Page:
Maya Angelou showed a rare form of courage
The news of Maya Angelou’s passing reverberated through me. Though not a big woman, she stood tall among modern American writers and poets giving voice to those repressed and underprivileged.
Her aptly titled classic work “I Know Why the Caged Bird Sings” resonated within me as a closeted gay man despite it being an African American woman’s story. Cages and closets, after all, share the commonality of potentially being virtual prisons.
In time I would come to understand that anyone who is not white, straight, and male in America faces barriers to be hurdled if he/she has any hope of finding authentic happiness. So it goes.
I also came to understand, however, one has a choice of wallowing in victimhood or confronting it and courage is not speaking or acting in the absence of fear but despite it.
Maya was raped at a very young age by her mother’s consort, who was found later stomped to death in a back alley. Maya blamed herself for his vicious ending. In her mind it was her fault despite she being the victim of a most heinous act. As a result, she became mute speaking only to her brother Bailey.
In time her teacher helped her find her voice and once she did, she spoke strongly and eloquently about living in poverty during the Great Depression in the Klan-dominated South. In so doing, she gave voice to all women easily sorted and classified by the dominant hetero male culture.
Phenomenal woman, she called herself.
“Pretty women wonder where my secret lies. / I’m not cute or built to suit a fashion model’s size / But when I start to tell them, / They think I’m telling lies.”
Maya states from the outset she isn’t pretty, cute, or proportioned in accordance with stereotypical fashion-model standards. Yet Maya’s regal, striking, and powerful presence commanded attention.
In her poem “On the Pulse of Morning,” created for and read at Bill Clinton’s 1993 inauguration, she draws on the images of a Rock, a River, and a Tree to help us understand our place in this, what I call the Great Unfolding, and the futility of building up earthly treasure.
“Across the wall of the world, / A River sings a beautiful song, / Come rest here by my side. / Each of you a bordered country, / Delicate and strangely made proud, / Yet thrusting perpetually under siege.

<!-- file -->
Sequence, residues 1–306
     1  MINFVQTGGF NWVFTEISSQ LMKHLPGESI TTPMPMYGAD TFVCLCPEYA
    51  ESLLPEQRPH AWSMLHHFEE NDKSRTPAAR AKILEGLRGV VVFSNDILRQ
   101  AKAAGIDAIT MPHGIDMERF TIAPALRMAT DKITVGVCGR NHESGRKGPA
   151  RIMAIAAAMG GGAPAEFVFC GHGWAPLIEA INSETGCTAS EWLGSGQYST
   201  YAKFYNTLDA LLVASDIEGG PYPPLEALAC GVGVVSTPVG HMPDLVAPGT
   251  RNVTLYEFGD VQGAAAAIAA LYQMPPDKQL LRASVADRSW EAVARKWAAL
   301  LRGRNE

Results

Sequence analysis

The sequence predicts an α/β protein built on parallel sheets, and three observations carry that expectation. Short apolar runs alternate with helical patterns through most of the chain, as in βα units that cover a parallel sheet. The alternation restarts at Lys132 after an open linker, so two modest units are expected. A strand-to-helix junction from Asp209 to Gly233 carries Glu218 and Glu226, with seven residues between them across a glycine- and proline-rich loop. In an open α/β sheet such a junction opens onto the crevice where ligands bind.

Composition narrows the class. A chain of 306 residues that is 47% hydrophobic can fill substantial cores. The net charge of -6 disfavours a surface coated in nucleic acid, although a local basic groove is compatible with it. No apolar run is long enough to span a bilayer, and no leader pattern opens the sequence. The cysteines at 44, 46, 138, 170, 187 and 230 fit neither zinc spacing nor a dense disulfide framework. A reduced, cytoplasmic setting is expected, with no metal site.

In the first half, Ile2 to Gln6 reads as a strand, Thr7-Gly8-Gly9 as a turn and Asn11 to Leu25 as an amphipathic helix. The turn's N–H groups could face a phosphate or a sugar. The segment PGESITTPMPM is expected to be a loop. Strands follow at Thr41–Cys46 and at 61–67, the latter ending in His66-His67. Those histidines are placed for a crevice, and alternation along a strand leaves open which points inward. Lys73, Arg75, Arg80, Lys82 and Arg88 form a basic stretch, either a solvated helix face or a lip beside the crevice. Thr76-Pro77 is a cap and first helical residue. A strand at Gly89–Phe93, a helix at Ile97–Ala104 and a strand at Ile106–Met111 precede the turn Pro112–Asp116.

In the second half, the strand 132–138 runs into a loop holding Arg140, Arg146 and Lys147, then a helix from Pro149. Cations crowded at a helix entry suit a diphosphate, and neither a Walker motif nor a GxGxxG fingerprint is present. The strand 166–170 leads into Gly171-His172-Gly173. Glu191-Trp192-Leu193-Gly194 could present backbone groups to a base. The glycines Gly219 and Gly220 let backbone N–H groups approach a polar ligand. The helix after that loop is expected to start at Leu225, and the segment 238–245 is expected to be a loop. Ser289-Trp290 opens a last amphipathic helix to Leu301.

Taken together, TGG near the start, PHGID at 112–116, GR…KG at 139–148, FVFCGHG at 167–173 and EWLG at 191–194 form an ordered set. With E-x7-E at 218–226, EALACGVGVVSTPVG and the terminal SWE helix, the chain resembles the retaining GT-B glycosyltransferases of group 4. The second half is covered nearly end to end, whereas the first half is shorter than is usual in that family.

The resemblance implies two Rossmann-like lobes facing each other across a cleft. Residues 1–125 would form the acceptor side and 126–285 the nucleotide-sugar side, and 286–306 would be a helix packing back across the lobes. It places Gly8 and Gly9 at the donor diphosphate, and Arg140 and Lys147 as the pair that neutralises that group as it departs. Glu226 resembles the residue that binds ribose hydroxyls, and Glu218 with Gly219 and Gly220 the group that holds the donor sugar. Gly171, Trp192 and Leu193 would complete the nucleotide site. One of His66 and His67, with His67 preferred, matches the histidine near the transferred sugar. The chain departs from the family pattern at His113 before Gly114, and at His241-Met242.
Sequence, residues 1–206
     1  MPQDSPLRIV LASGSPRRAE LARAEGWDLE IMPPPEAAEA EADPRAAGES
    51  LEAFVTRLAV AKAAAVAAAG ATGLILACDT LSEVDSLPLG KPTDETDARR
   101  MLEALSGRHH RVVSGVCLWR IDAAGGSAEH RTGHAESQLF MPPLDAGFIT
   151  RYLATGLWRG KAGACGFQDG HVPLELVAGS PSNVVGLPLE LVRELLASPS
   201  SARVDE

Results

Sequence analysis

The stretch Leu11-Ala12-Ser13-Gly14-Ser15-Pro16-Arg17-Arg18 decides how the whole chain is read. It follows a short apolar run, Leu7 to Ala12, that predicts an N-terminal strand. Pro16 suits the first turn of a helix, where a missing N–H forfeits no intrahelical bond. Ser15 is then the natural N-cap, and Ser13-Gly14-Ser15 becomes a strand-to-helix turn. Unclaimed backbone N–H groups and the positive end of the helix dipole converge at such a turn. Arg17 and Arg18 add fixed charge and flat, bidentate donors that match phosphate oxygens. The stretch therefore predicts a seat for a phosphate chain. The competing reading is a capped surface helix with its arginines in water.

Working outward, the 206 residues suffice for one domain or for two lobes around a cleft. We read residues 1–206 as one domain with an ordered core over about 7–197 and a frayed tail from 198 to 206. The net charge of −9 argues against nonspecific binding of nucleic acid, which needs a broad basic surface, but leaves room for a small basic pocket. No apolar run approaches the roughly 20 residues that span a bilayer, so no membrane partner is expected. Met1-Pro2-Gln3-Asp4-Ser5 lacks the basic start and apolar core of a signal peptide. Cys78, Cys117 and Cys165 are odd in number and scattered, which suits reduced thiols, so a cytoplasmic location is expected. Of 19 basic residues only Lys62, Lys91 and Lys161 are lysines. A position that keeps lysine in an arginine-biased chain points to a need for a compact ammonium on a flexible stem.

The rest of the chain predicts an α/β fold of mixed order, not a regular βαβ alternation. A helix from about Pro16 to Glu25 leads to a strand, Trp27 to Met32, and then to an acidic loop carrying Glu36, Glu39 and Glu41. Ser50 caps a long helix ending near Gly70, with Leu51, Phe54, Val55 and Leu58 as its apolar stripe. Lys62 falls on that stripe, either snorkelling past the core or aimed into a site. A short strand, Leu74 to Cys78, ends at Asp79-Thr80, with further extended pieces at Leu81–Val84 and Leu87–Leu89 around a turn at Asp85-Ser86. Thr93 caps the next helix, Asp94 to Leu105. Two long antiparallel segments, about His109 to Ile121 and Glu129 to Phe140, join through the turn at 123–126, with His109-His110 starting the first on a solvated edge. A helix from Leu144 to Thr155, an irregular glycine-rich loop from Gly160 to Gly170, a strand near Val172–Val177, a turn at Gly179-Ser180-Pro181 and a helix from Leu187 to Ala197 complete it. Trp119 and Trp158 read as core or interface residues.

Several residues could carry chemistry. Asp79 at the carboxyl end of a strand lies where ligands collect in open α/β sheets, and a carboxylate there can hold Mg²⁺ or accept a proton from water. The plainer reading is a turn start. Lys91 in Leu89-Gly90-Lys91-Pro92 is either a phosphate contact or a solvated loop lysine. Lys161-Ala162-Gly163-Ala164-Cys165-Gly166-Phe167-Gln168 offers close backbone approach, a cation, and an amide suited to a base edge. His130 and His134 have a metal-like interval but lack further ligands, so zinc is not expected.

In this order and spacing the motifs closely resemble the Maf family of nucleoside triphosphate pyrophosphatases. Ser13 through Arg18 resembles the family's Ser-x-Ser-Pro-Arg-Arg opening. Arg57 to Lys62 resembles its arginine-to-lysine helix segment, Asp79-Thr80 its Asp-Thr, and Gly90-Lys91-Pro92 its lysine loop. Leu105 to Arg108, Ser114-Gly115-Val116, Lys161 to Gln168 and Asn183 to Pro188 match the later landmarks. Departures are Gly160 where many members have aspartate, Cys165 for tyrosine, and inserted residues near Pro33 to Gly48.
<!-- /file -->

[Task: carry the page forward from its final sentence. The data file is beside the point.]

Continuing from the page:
“Your armed struggles for profit / Have left collars of waste upon / My shore, currents of debris upon my breast.”
There’s hope, however, she proclaims:
“Yet, today I call you to my riverside, / If you will study war no more. Come, / Clad in peace and I will sing the songs / The Creator gave to me when I and the / Tree and the stone were one.”
Practicing courage has the effect of opening one’s heart, the reason courage and compassion being siblings. Maya demonstrated that by rising above and moving beyond childhood rape to living a life in a place where lives of blacks had little value.
Before her reading, she told the Los Angeles Times, “In my work, in everything I do, I mean to say that we human beings are more alike than we are unalike, and to use that statement to break down the walls we set between ourselves because we are different.
“I suggest that we should herald the differences, because the differences make us interesting, and also enrich and make us stronger. The differences are minuscule compared to the similarities.”
Despite the American experience of racism, pogroms, and economic and social repression, she writes, “History, despite its wrenching pain, / Cannot be unlived, and if faced / With courage, need not be lived again.
“Do not be wedded forever / To fear, yoked eternally / To brutishness.”
It’s through her poet’s voice Maya has offered us perspective and hope.
“Poetry is the strongest language we have,” she told the Times. “Unfortunately, it has fallen on disfavor, and so a number of people got the erroneous idea that poetry was nerd talk–that it was evidence of weakness. The truth is poetry shows the human being at her/his strongest; at her/his best.”
As a clumsy poet at best, I get it, so all the more reason to offer gratitude to the Universe for having had the opportunity to read and teach Maya Angelou’s work.
“Now you understand / Just why my head’s not bowed. / I don’t shout or jump about / Or have to talk real loud. / When you see me passing, / It ought to make you proud.”